I invite all to read at least the two books of Béraud, who describes how Boney did his military work, it was to command and to obey and any initiative of subordinates were stifled.
Indeed why no more specific order to conduct a reconnaissance after Ligny, and not to establish a constant liason with Ney, who else has to be blamed than Boney himself, Berthier was always waiting to get the orders and then transmit them.
The turning point in this campaign it for me the eve of the 16th when Boney had the illusion he had beaten the Prussians so badly that they needed some time - two or three days to re group before playing another important part in the campaign.
From there on everything goes wrong - on the faulty assumption that for a while the Prussians are out of action and there is no need to reckon with them and it is sufficient to shadow them, with a minor force - but why shadow them at all and not fully concentrate against Wellington?
The reason is that Boney did not think that Wellington would make a stand before Bruxelles because he would not dare to do so without Prussian support and the Prussians were out of action for a while.
For that reason he felt no great pressure to attack Wellington with all force, due to his inertia he gathered the information much too late. In case he would have done much earlier, he could have pinned him with Ney and roll up Wellington's left flank at Quatre Bras. Instead he let him escape.
And yes, he failed to concentrate his army at the eve of the 17th - which he would have done - when reckoning with a battle, he would have conducted a personal reconnaissance, another fiction he created later in his big lies, not out of relying on memory but with deliberate calculations to preserve his shining star.
He slept the night at Le Caillou and was surprised finding Wellington's army in front of him at the 18th.
Why not recall Grouchy immediately now, because he felt confident - he could take on easily Wellington alone with the forces he had on the spot.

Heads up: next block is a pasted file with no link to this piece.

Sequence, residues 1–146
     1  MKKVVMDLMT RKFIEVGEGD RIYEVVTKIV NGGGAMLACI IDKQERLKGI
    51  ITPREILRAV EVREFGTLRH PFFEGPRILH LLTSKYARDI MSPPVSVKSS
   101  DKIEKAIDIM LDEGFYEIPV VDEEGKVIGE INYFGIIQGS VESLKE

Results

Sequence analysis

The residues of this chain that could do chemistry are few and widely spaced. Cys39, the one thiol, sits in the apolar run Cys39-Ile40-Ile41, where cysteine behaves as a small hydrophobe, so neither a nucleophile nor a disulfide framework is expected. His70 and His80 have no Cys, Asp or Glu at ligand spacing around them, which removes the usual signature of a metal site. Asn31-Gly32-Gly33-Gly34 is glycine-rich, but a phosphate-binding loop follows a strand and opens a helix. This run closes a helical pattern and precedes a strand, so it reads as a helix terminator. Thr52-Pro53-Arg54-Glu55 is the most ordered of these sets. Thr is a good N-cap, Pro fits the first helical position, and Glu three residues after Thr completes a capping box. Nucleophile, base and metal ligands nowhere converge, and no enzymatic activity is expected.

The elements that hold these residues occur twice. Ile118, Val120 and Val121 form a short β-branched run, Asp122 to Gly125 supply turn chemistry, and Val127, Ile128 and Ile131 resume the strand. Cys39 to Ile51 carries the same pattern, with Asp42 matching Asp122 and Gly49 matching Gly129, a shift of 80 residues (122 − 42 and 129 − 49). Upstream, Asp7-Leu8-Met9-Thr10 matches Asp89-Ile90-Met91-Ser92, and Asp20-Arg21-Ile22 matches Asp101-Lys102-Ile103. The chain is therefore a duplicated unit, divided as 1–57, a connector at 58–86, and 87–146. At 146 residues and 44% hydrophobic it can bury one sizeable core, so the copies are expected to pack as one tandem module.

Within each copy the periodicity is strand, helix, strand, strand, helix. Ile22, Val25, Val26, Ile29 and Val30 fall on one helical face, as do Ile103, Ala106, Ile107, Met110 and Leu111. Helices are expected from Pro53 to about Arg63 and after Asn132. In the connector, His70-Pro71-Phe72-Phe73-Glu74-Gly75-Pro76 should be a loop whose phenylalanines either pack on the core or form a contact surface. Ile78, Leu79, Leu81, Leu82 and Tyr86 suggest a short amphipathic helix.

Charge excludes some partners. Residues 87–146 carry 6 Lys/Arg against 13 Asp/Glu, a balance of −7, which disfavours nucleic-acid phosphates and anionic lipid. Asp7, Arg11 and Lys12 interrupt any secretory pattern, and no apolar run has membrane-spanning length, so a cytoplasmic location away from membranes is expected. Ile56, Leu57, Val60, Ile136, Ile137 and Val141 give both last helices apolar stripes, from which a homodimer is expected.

Hougoumont and La Haye Sainte, and la Papelotte, important objects to be taken, even if the gaps are wide in between, you wouldn't feel comfortable just to ignore them and leave it in the back of your units attacking?
They were in my view uncomfortably too close to Wellingtons position not to be defended or not to be taken.
I agree with Andrew Fields, for once 😉 that the French musketry could be effectively employed at that distance - especially skirmishers (and there are numerous accounts that French skirmishers did open fire at long distances not without any effect) - yes they couldn't brake through but those buildings could have acted as a preparation ground for an attack.
The French perspective and Boney's perspective are not identical. For Boney all the battle was to re establish the myth that he was still the gratetes general in the world and by that it couldn't be him but only poor Ney and Grouchy to be blamed, he knew everything then and there but acted or failed to act according the the knowledge he pretended to have.
Finally about Boney's health, he was in a poor shape, did it effect him, I have no doubt that it did, you have a head ache, reflect how that affects you at work.
The constant campaigning and then his life style at Elba did not help him. He became so much bloated that some former generals had difficulties to recognize him and were worried by his poor looks.
He wasn't the energetic you fit general any longer - he should have stopped in 1808 and not have invaded Spain.